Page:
Last night, at a talk on the Languedoc-Roussillon the speaker referenced the slaughter of the Cathars with scant context given the immense cultural impact. Pondering this, I searched for the Cathars amongst my nearly 900-posts, a short piece follows. In the coming weeks, I'll expand on their positive relevance to humanity in a troubled age:

Cordes-sur-Ciel, meaning rocky heights above the clouds, is an official “Most Beautiful Village of France” with a history that belies its storybook appearance...

Located in the Département du Tarn, in the Languedoc-Roussillon region, land of the musical language of the Cathars. The first literary language of Europe since classical times--was the language of the Occitan people who flourished in the 12th and 13th centuries in what was then Occitania. 

Fortified Cordes-sur-Ciel was built between 1222-1229 by the Count of Toulouse for Cathars fleeing villages burnt down by order of Pope Innocent during his Albigensian Crusade--when 500,000 were slaughtered. 

Despite persecution the Cathars achieved a 13th century Golden Age that dawned on Templars, Troubadours, and the Holy Grail--and with an ancient secret scroll containing secrets of Jesus in their safe-keeping...

At the time, Esclarmonde de Foix, was considered the mystical Cathar’s Joan of Arc—a royal leader dedicated to a spiritual life of high culture, art, learning, and music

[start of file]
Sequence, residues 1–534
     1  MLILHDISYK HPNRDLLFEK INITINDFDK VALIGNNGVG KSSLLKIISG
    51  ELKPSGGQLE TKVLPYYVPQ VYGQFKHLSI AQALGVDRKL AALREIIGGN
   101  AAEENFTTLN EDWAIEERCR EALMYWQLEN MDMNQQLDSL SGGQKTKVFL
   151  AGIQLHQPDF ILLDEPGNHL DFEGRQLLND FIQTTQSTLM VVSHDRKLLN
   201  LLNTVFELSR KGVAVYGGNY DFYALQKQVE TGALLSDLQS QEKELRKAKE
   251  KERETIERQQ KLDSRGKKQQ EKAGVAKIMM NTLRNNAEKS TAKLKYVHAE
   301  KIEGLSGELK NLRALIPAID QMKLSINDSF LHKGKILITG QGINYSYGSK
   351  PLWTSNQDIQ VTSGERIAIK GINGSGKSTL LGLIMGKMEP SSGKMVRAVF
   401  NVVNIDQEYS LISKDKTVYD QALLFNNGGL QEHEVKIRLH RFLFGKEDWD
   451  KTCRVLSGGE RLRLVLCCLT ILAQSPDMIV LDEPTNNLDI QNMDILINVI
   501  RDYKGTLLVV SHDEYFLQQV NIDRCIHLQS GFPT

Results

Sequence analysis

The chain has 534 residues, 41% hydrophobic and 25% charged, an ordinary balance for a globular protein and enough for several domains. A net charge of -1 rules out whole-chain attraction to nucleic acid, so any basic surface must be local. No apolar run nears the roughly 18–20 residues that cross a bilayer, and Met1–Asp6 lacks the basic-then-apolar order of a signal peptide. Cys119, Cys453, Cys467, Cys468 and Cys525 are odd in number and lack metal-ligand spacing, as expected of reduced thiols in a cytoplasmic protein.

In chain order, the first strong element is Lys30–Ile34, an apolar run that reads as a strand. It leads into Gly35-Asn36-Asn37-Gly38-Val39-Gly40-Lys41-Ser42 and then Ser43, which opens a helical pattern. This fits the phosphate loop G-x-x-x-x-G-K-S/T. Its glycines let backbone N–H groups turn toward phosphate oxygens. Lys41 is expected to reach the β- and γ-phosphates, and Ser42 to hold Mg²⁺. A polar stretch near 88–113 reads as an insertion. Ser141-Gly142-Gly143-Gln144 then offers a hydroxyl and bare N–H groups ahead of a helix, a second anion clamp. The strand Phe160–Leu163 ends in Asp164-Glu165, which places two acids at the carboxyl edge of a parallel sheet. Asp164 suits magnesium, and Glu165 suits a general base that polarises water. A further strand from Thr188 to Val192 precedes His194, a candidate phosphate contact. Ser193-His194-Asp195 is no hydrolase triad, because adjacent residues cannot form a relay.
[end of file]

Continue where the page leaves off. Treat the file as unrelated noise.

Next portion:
The Cathars did not eat meat, rejected the feudal system and organized churches. They refused to pay tithes to the Catholic Church. They erected defensive walled cities on high promontories along a route in the Pyrenees from near Cordes-sur-Ciel to Carcasssonne. The latter today is a UNESCO World Heritage Site and one of the most visited locations in Europe.

Dedicated to following their Goddess known as the Pure One, the Cathars claimed to follow a secret Book of Love attributed to Jesus who'd passed it to John the Divine. Transmitted through the centuries, it was adopted by the Knights Templar and the Cathars as the foundation of their Church of Amor, or Love. 

They believed the purpose of life was to become worthy of the light of the Holy Spirit. Their Troubadours praised high ideals and creativity by singing about love, honor, courtesy, chivalry, and gentility. 

Today, Cordes-sur-Ciel's population of 1,000 lives within the preserved 13th and 14th-century Gothic setting located in the Gaillac vineyard region. What's not to like, oui?

The novel below is based on the true story of Esclarmonde de Foix--as a window into their history and lives. Château de Foix: (HERE). Thank you so much  for stopping by~